Three years of my life as an EU student of English Literature at the University of East Anglia,England.
I’ve been really busy since my lectures and seminars started again two weeks ago — I’ve had a lot of reading to do and I’m still desperately trying to be on top of my work this semester! I’ve only managed to do that by not reading the novels we were assigned to the end (sorry, tutors…) but at least it works. One of my seminar leaders last year actually said we could do that so I don’t feel as bad. I mean, who needs to read soapy 18th Century novels like Richardson’s Pamela until the end? Nothing happens so — and I have no shame in admitting it — Wikipedia has proved to be, once more, my best ally. No human being can read absolutely everything, like I attempted last year. It doesn’t change the fact that I’ve been working a lot.
In the second year of English Literature, you’re more free than in the first year in terms of module options and choice (you need three per semester)! It’s cool, but you still need to meet certain requirements. There are three categories of modules (A, B and C — you can see that on the course profile on the UEA website). You must choose four modules in option range A: these ones are the eras or genre you’d expect all literature students to know about. The two other categories offer an incredibly range of modules so there’s something for everyone! Now the important thing is that you have to take two pre-1789 modules, which can be slightly annoying or problematic.
This semester, I’ve got three modules: Reading and Writing Translations, 18th Century Writing and Modernism.
Let’s start with the one I’m most excited about: Reading and Writing Translations! I’d already done Reading Translations in first year and absolutely loved it, so I was really keen on taking this new second year module. I don’t know if I’ll ever manage to be a translator but I find this subject fascinating. It is a rather small group, which is great, and our seminar tutor is Duncan Large, the new director for the new academic director of the British Centre for Literary Translation! The module involves a lot of translation theory and does not seem to focus on writing our own translation which is an interesting approach. So far, I really like it. We’re going to work on classical texts such as the Bible and also on very modern books like Harry Potter. I definitely think it was the right choice for me and it’s a shame I won’t be doing it next semester and that it looks like there’s no translation module available in third year.
The second module is Modernism: big mistake. The main reason why I took it is because I loved studying Nabokov’s Lolita last year and like postmodernism… To be fair, I’m only two weeks in but I haven’t really enjoyed it so far because there is a lot of poetry and that’s not something I particularly like. I find it even harder in English to be honest and struggle a bit but hopefully it’ll get a more interesting when we study novels in the next couple of weeks. For now, we’re working on a huge anthology that’s quite intimidating and have read some “modernist theory”.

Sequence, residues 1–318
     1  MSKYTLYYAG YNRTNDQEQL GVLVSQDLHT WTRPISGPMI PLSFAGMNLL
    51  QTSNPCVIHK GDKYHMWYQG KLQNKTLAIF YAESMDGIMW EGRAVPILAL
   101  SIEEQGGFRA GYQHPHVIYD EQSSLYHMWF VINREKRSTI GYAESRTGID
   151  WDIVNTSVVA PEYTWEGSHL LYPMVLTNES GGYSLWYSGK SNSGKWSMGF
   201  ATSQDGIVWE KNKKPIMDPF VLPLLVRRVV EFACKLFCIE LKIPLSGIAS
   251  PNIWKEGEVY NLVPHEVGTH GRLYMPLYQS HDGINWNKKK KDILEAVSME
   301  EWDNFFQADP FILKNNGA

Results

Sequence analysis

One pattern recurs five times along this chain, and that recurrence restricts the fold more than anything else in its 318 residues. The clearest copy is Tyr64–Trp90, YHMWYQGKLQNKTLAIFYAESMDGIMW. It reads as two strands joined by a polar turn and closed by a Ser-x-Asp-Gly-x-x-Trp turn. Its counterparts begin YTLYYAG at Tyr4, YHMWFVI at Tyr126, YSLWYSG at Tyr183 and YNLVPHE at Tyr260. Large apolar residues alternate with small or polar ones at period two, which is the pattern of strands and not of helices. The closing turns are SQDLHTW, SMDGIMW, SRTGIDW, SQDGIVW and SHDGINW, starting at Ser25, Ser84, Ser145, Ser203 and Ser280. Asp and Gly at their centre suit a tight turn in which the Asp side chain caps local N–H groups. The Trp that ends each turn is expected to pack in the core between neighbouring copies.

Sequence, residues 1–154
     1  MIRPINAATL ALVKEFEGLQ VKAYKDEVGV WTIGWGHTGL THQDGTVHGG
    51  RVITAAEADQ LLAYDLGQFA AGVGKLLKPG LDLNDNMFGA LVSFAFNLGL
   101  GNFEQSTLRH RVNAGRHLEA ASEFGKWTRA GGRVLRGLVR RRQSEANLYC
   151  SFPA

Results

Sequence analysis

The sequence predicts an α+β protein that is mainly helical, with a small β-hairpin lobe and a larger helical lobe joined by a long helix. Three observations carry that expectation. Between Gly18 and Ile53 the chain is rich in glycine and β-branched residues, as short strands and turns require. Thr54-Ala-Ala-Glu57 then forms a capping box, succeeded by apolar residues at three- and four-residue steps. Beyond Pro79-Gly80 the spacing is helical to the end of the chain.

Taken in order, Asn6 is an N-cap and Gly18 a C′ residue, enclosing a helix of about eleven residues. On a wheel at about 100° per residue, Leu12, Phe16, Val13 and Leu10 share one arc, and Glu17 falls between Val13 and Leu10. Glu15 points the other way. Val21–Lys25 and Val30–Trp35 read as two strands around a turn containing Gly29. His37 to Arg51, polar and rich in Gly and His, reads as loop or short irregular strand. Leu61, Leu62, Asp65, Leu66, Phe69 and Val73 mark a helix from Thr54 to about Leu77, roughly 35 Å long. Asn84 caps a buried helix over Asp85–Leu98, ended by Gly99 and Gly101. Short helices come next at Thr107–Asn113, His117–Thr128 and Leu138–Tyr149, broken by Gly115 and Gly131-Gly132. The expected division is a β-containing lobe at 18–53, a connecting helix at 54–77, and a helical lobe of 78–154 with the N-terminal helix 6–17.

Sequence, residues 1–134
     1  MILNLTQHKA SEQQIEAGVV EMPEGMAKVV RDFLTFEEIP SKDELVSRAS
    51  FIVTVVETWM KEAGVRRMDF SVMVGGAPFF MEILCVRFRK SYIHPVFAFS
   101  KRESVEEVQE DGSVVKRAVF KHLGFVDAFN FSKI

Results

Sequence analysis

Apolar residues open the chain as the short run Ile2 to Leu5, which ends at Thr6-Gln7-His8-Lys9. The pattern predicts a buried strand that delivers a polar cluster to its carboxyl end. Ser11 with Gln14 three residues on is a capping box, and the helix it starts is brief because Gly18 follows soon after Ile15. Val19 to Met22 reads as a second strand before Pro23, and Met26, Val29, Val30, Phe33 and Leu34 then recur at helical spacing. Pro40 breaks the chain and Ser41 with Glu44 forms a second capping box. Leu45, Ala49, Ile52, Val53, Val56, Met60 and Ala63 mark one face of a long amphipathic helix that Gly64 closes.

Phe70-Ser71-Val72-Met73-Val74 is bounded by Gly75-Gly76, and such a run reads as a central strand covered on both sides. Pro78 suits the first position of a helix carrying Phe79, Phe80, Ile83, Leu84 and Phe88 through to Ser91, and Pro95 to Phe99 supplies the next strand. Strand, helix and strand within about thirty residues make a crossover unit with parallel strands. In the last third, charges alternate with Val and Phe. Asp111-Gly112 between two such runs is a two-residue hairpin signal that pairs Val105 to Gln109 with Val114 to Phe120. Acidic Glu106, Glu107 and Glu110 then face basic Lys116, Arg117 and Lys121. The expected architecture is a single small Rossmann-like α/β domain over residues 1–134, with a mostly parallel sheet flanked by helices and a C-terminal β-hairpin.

My housemate has been trying to make the modernist reading more fun by adding Monty Python references to my anthology… Everybody needs a friend like her to distract you from doing your real work.
My third module is 18th Century Writings and I took it as part of the pre-1789 requirement. At first, I wasn’t really sure whether I should do 17th or 18th Century literature but my personal adviser suggested that 18th century would be better for me since that’s when the English novel really started to exist and to develop. So far, I’ve really enjoyed it although the language is a bit alien at times. One thing that infuriates me is how they used a sort of “F” letter instead of a normal “S”, that is so confusing! Anyway, I just read Pamela; or Virtue Rewarded by Richardson and loved it. The story is silly and, as the title indicates, very didactic. Many students will disagree but I find these books very entertaining and fun. I also started reading Robinson Crusoe by Defoe: I’m glad we’re doing it because it’s become such a classic theme and character in popular culture with many movies and adaptations that I find it interesting to go back to the source and understand why it became so popular.
Wish me luck for the rest of the semester! Good luck to all of you too 🙂